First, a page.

NATIONAL CLIMATE CRISIS DECLARED
Citing international inaction as its main factor, the Republic of Marshall Islands declared a national climate crisis over the weekend, based on the findings of an intergovernmental report that the low-lying nation faces a significant loss of its land mass if the climate crisis goes unresolved.
The RMI, through their parliament or Nitijela, passed Resolution 83 on Oct. 11, 2019, effectively declaring a national climate crisis and announcing the island nation’s intent to direct current and future RMI governments to prioritize the issue of climate change.
The resolution noted the “extreme vulnerability and special circumstances faced by low-lying coral atoll nations,” such as the Marshall Islands, which are faced with a projected rise in sea levels that will ultimately result in a “significant or total loss of land mass.”
“Our parliament has officially declared a national climate crisis. As one of only four low-lying coral atoll nations in the world, the failure of the international community to adequately respond to the global climate crisis of its own making holds particularly grave consequences,” Marshallese president Dr. Hilda C. Heine noted in a social media post.
“The [RMI] is calling for the international community to consider ways to respond to and support the extreme vulnerability and special circumstances faced by the low-lying coral atoll nations of the world,” the resolution added.
It urged other governments to respond to a recent call by the United Nations to submit updated 2040 decarbonization strategies in line with the Paris Climate Accord, a United Nations pact that calls for the financial support for efforts toward combatting climate change.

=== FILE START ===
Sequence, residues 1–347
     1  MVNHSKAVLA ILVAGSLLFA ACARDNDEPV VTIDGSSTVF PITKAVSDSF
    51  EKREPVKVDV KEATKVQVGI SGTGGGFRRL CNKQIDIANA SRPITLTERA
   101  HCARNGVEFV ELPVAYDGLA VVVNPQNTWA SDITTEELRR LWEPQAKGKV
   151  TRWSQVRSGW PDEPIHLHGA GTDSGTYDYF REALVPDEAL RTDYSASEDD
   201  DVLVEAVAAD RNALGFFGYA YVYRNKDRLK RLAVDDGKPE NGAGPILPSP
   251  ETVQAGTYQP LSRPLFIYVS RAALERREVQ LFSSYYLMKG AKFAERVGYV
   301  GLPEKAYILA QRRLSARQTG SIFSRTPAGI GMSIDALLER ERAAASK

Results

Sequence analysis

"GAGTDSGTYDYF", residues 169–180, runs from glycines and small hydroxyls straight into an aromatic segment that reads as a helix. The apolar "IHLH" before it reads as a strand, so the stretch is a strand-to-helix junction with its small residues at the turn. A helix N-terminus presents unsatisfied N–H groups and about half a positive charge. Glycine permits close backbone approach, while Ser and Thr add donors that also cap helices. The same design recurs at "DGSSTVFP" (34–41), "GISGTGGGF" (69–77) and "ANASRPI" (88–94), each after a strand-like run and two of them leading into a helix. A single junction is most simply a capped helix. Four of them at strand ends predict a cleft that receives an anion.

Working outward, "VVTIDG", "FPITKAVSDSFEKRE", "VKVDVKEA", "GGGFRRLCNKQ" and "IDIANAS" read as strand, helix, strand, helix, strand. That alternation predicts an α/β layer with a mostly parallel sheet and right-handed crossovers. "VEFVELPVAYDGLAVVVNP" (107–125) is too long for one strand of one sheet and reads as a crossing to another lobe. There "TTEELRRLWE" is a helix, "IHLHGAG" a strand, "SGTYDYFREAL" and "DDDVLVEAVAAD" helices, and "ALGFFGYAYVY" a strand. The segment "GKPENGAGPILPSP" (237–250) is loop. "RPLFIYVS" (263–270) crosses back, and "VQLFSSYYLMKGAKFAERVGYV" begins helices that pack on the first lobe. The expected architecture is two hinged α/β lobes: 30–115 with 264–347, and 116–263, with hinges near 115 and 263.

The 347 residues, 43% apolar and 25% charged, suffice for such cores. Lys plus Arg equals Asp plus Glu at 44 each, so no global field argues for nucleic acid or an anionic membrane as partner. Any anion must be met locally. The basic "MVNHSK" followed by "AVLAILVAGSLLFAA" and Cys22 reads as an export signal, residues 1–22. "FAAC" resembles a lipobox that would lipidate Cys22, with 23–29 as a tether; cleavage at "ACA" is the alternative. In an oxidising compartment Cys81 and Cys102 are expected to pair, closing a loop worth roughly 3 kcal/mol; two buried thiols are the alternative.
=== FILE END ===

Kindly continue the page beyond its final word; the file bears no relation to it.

The resolution cited the Intergovernmental Panel on Climate Change’s special report, which projects global warming of 1.5 degrees Celsius.
According to the report, by 2100, global mean sea level rise is projected to be around 0.1 meters, with global warming of 1.5 degrees Celsius to over 2 degrees Celsius.
“A slower rate of sea level rise enables greater opportunities for adaptation in the human and ecological systems of small islands, low-lying coastal areas, and deltas,” the report noted.
“A reduction of 0.1 meters in global sea level rise implies that up to 10 million fewer people would be exposed to related risks,” the report further noted, citing population numbers for 2010.
“Increasing warming amplifies the exposure of small islands, low-lying coastal areas and deltas to the risks associated with sea level rise for many human and ecological systems, including increased saltwater intrusion, flooding and damage to infrastructure,” the report further noted.
RMI has been reporting increased incidences of the intrusion of high tides, called king tides, with ocean inundation creeping higher and higher each year.